The Internet-of-Things (IoT) is revolutionizing markets and businesses today. Manufacturers are reaping the benefits of having interconnected devices. According to McKinsey, use of IoT in factories can create as much as $3.7 trillion in value by 2025.

But IoT isn’t just for large industries. Small businesses also stand to gain much from looking into the developments in IoT. They should be exploring how smart devices can help them become more effective and competitive. Developments in smart devices already cover plenty of use cases for retail, offices, and homes.

It doesn’t take much investment to be part of this IoT revolution. It’s now common for any hardware or appliance to support some form of internet connectivity. Many may not realize it but the use of wireless printers and radio frequency IDs can already qualify as IoT adoption. The “cooler” technologies like those offered by Nest and SmartThings are now available to the mass market.

Installing smart thermostats, light bulbs, and locks can give businesses a sense of progress. Who wouldn’t want to be part of organizations that keep up with the times? This can be good for staff morale and good for their image. Besides, these things do help save on energy costs and keep premises physically secure.

However, small businesses must also consider the possible vulnerabilities that these devices can introduce even to small office networks. The threat of cyberattacks are real and rampant and these devices are yet another avenue that malicious actors can exploit.

It would pay for these businesses to be vigilant when using IoT devices in their workplaces.

No Such Thing as Too Small

Even without IoT, cybersecurity is already a major concern for small businesses. Malware typically target small businesses since they are easy prey. Most fall victim to attacks. 58% of malware victims are classified as small businesses.

It’s understandable why this is the case. Smaller operations typically don’t have access to enterprise-level security. Such protection can be costly and requires technical know-how. They also tend to use lower-spec devices which may not have the proper security features. They also don’t have full-time IT departments or personnel to manage security.

Their staff may not also be trained to apply the best practices in technology use. Untrained end users are likely to commit errors or cause incidences like inadvertently downloading and installing malware from their office devices. Small businesses are also likely to pay the ransom from ransomware attacks (malware that locks legitimate users out of their devices for extortion).

What’s worse is that 87% of small business owners don’t feel that they’re even at risk of being attacked. Yet, they stand the most to lose when attacks do happen. Small to medium enterprises in the US lose $75 billion a year to ransomware. 1 in 5 businesses also shutter its doors after getting hacked.

This, however, shouldn’t discourage small businesses from adopting IoT adoption entirely. All technology projects carry some form of risk. This should just serve as a reminder to be extra vigilant.

Beefing Up Security

There are ways for businesses to still enjoy the benefits of IoT devices while minimizing security risks. It doesn’t take much investment or effort to cover the essential security concerns. Here are measures businesses can take to secure their networks:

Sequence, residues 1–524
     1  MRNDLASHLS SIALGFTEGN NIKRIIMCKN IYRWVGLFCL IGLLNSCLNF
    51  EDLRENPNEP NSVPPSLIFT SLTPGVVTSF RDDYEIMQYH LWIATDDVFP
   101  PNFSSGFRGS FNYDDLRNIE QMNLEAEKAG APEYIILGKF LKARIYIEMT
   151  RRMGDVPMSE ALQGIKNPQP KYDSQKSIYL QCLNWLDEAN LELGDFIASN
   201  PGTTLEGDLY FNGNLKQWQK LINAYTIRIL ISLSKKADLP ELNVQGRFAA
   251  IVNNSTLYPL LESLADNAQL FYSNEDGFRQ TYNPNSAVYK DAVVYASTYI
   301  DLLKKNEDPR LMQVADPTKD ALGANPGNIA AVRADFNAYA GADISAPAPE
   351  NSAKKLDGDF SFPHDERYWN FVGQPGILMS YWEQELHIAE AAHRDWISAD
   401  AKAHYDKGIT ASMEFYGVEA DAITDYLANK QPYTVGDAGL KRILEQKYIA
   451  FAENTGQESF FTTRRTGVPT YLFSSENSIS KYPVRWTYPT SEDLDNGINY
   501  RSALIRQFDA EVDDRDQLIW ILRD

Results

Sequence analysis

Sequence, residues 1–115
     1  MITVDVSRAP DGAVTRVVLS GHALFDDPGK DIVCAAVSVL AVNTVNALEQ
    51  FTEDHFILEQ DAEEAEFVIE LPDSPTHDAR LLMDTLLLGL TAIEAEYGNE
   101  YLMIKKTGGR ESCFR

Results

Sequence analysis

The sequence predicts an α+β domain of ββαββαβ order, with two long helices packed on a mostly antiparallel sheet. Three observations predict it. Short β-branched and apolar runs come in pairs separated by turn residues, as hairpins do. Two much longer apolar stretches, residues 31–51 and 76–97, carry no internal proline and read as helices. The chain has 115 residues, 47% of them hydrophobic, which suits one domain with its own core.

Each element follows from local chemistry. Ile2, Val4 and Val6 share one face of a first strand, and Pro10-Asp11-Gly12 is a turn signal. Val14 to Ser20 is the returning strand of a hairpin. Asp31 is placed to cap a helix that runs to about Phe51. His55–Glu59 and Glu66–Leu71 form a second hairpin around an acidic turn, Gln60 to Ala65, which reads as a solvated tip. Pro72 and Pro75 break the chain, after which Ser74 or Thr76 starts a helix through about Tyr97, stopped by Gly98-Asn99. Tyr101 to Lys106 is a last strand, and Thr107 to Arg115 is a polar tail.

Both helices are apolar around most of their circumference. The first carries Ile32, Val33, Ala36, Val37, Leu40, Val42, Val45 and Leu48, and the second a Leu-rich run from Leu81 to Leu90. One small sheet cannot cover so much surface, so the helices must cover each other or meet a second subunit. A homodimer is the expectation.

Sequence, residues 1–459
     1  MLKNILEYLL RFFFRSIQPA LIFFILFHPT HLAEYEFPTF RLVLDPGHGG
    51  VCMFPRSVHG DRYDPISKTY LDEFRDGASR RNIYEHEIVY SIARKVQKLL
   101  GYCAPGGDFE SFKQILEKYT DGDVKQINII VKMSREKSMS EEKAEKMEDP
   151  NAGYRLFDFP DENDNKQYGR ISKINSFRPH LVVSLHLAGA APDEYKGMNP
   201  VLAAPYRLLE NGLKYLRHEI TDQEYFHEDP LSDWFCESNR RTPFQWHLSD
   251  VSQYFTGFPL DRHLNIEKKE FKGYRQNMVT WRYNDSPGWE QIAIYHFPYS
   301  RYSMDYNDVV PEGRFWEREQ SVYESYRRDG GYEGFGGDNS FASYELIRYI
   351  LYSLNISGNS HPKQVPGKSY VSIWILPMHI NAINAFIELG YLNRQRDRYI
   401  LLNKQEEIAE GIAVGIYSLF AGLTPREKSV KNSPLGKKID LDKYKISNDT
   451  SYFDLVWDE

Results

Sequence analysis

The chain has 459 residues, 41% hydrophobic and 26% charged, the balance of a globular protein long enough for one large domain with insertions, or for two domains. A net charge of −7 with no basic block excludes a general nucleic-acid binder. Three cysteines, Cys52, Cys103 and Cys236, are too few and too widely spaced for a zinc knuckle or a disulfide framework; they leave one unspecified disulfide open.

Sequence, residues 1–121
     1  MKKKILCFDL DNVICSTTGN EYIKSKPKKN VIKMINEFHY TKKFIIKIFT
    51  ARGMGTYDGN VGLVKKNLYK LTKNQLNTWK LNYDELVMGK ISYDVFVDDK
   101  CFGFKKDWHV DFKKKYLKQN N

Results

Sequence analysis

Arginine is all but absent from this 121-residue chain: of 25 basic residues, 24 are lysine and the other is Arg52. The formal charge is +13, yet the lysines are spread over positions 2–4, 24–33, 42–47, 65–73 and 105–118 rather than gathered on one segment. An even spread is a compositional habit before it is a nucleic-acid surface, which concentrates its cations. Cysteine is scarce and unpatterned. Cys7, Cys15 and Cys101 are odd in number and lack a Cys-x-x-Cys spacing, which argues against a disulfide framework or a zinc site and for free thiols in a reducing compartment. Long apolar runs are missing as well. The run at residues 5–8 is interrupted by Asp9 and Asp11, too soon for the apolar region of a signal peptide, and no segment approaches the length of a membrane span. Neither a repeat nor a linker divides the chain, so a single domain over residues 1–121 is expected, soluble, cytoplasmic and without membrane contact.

Invest in good devices. Don’t skimp on the quality of devices. There are plenty of low-cost devices flooding the market these days. But these off-brand devices may lack the essential security features to thwart attacks. They may also not have active development that would ensure support over the lifetime of the device. Stick to those that have features like access control, firmware upgrades, and data protection and offer guaranteed support. Nest, for example, keeps devices updated automatically as long as they’re online.

Change the default administrator access. Many devices come out of the box with easy-to-access administrator credentials. For example, they often have username and password combinations like “admin/1234.” Even popular network devices like routers are wont to have such default settings. This is among the most common ways attackers and malware gain access to devices. Change the credentials to hard-to-guess passphrases and keep these credentials secure.

Keep devices up-to-date. Another way attacker tries to gain access is by exploiting known vulnerabilities in the device’s code. It’s critical to keep devices running on their latest firmware and software. Managing multiple devices can be made easier by using remote management services. Not only could such tools help companies become more efficient in managing numerous devices but these also ensure that device vulnerabilities are always patched properly.

Train staff on proper use. Educate staff on proper use of devices and general cybersecurity best practices. Even ensuring that they don’t just write down account credentials on Post-It notes is a positive step towards securing the workplace. The US Small Business Administration has a free online course that business owners and staff could take to orient themselves on ways to keep workplaces’ networks secure.

Benefits Outweigh the Effort

IoT adoption can bring many benefits for a small business. Energy management devices do help save on energy costs. Security cameras and smart locks help owners have a watchful eye on their offices and stores.

Retailers could even automate their supply management and stock keeping through point-of-sale scanners and RF trackers. These make businesses run more efficiently and effectively. Making an effort to have security measures in place is all but a small price to pay when adopting any form of technology including IoT.

Yoav Vilner

Yoav Vilner

CEO, startup-mentor and a blogger with ReadWrite, Huffington Post, Forbes, Inc, Entrepreneur, Venturebeat, CNBC and TheNextWeb.